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Covid-19: Can Ayushman Bharat Scheme Be The Way To Universal Healthcare?

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This post is a part of YKA’s dedicated coverage of the novel coronavirus outbreak and aims to present factual, reliable information. Read more.


The Directive Principles of State Policy in Indian Constitution directs the state to raise “the level of nutrition and standard of living of its people and the improvement of public health as among the primary duties”. But, at the same time, the total health budget of India is just 1.29% of GDP, which is very low among the health expenditure of developed and developing countries. The unparalleled COVID-19 pandemic has now laid down the necessity to increase the investment in public health infrastructure and medical research.

The first National Health Policy(NHP) in 1983 adopted “an integrated comprehensive approach towards the future development of medical education, research and health services” and also envisioned the goal of “Health for All by the Year 2000 AD”, which for the first time envisioned the idea of universal health care(UHC) in India.

Ayushman Bharat-PMJAY scheme was launched in 2018 as a successor of National Health Protection Scheme (NHPS), keeping in sight the “policy principles” highlighted by third NHP in 2017. It has two components of infrastructure building and policy delivery-framework, as mentioned below respectively.

  1. A) Health and Wellness Centers (HWCs): It is aimed to establish 1.5 lakh HWCs by “transforming the existing sub-centres and primary health centres” by 2022.
  2. B) Pradhan Mantri Jan Arogya Yojana (PM-JAY): PMJAY is world’s largest public-funded health assurance scheme that provides nearly 10.74 crore families (approx. 50 crore people) with a health cover of 5 lakh rupees per year. It has certain peculiarities like interstate portability, cashless at the point of service and involvement of the private sector. By May 2020, there are 1 crore beneficiaries under the scheme and more than 12 crore e-cards have been issued.

Public Health Infrastructure And Public-Private Partnership (PPP)

HWCs provide “expanded range of services” spanning maternal and child health care, care of non-communicable diseases and communicable diseases like tuberculosis, dental, ENT, eye, mental health and first-level care for emergencies and trauma.

CEO of Ayushman Bharat-PMJAY, Mr Indu Bhushan, in an interview with Economic Times said that40% of expenditure is going to public sector infrastructure”. But health expenditure in India is already very low. The budget allocation for Ayushman Bharat in FY20 is 6400 crore and 40% of it would be insufficient to develop quality infrastructure where government hospitals have scant infrastructure and facilities.

NHP 2017 suggested to “align the growth of the private health care sector with public health goals” to fill the “critical gap” in the reach of health services and to “incentivizing private sector”. Ayushman Bharat PMJAY emphasized this by incorporating private hospitals to provide health care for which they are reimbursed by the government.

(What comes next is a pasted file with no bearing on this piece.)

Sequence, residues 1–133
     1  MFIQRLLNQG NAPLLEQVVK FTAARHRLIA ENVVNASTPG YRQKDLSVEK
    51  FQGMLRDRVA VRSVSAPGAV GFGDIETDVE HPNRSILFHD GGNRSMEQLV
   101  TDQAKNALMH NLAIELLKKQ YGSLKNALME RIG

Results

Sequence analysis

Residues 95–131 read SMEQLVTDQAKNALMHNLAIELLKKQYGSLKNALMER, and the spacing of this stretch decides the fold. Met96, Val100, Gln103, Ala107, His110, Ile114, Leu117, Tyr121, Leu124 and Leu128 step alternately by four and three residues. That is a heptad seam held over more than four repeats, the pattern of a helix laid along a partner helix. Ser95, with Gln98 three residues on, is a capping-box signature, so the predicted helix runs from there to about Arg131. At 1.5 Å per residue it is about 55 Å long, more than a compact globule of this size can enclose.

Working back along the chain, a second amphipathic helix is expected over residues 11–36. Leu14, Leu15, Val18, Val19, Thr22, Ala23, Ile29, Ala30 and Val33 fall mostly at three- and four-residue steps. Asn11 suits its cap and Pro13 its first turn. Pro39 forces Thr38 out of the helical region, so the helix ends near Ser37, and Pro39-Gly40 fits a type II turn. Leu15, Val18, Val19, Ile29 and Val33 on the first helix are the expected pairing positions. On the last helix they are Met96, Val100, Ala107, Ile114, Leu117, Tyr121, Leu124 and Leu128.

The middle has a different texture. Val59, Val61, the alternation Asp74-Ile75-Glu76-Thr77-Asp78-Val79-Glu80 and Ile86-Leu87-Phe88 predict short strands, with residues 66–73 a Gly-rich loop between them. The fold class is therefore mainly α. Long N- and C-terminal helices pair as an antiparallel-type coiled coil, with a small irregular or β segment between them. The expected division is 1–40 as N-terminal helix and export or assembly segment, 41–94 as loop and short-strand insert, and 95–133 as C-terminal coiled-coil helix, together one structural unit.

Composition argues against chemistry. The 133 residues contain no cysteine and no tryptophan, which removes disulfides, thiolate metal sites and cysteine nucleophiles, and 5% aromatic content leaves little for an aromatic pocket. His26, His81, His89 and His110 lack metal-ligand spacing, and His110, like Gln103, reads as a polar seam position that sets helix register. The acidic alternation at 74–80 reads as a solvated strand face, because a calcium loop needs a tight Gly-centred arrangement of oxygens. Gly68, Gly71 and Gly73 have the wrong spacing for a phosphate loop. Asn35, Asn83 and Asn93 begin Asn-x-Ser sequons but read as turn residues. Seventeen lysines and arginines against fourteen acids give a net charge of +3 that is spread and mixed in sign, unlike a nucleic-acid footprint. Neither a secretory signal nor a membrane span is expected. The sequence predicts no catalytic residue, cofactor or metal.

COVID-19 pandemic has revealed some ambiguities in the PPP model. In a policy brief of NHA issued in June 2020, it came out that weekly claim of PMJAY was reduced by 51% during the lockdown period. It was also admitted in the report that “private hospitals reduced services out of fear of COVID-19 infection among health workers” and due to the concern that their “business outlook will be jeopardized if they are perceived to be treating COVID-19 patients” (Policy Brief: PMJAY under Lockdown. Evidence on Utilization Trends, June 2020).

Labour Migration And Interstate Portability

One of the prime features of Ayushman Bharat PMJAY is the interstate portability which allows the residents of one state to take the benefit of the scheme in any of the states and UTs. Currently, all the states and UTs, except West Bengal, Orissa, Delhi and Telangana (having their own similar state-level schemes) are on board of PMJAY. Interstate portability has now a feature of central schemes such as “one nation one ration card”.

Interstate portability can be very advantageous for migrated labourers in states like Maharashtra, Gujarat, Haryana and Punjab. It is also helpful when some ‘specialist facility’ is not available in one state, it can be accessed in another state. However, the statistics of NHA (National Health Authority) are not so encouraging. Consider the following table depicting the number of interstate portability in ‘labour importing’ states.

Patient State* Hospital State* Number of Portability*
Bihar Haryana 709
Bihar Gujarat 380
Bihar Karnataka 9
Bihar Maharashtra 460
Bihar Punjab 100
Madhya Pradesh Punjab 8
UP Karnataka 2
UP Maharashtra 519
UP Punjab 135

*Source: NHA database

These figures are so small when compared with a large number of migrants in the “hospital states”. One of the reasons can be the lack of awareness among people about the scheme. However, ‘migrant importing’ states are more developed and can provide better services and can reduce the burden on backward states.

Secondly, the number of hospitals empanelled into the scheme is also inadequate. Let’s take a few examples. The number of hospitals empanelled in Maharashtra is only 812, which is the third-largest state in terms of size and second in terms of the population whereas Bihar has 871 hospitals, which is twelfth in terms of size and third in population. Uttar Pradesh which is the most populous state has slightly less number of empanelled hospitals than Gujarat which has a smaller population.